- Refusing to deliver goods with the intent of obstructing another party’s ability to meet their end of a contract with a customer
- Deliberately and knowingly causing a new employee to violate a non-compete agreement with their previous employer
Interference With Prospective Economic Advantage
In many cases, business relationships can be significant and profitable even without a formal contract, for instance, if you are negotiating a merger or acquisition with another company. Since such an action would be expected to result in increased profits and perhaps reputational enhancement for your company, the interference of a third party could be extremely detrimental. In such a case, our sharp tortious interference attorneys would file a claim against the interfering party to recover the damages you are entitled to.
Four Necessary Elements to Prove Tortious Interference with a Business Relationship
Though similar to the necessary elements for tortious interference with an existing contact, these elements are not identical. In this type of case, our tortious interference lawyers must prove that:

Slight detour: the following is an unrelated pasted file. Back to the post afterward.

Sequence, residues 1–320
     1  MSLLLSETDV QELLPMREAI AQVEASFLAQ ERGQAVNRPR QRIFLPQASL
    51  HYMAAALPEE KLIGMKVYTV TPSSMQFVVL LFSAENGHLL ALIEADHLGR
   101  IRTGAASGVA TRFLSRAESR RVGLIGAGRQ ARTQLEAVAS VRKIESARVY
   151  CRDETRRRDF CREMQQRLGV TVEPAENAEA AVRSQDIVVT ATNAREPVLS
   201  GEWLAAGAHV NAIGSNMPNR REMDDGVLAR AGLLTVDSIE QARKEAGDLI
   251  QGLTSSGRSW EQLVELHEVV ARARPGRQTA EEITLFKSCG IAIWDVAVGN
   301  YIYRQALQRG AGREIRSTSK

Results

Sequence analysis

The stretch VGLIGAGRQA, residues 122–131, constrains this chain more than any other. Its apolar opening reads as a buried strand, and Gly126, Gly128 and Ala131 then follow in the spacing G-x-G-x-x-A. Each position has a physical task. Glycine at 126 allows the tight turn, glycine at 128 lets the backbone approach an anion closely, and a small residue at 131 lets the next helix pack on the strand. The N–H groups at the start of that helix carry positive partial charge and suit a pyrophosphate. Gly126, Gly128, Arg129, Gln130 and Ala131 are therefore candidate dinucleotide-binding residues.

- Your company had a business relationship with another party, though that relationship was not documented by a contract.
- The defendant knew of this relationship
- The defendant intentionally and wrongfully interfered in your business relationship
- This defendant’s interference with your business relationship caused harm
It is important to note that Florida law makes a distinction between tortious interference in a business arrangement that is under an existing contract and one that involves a prospective business relationship. In cases involving the latter, the plaintiff’s attorneys must prove that the defendant actually engaged in improper conduct. On the other hand, in cases involving the former, in which there was a legal contract in place, interference can be proven even if the defendant’s acts were legal.
Improper Conduct in Cases of Tortious Interference
To clarify, examples of improper conduct include: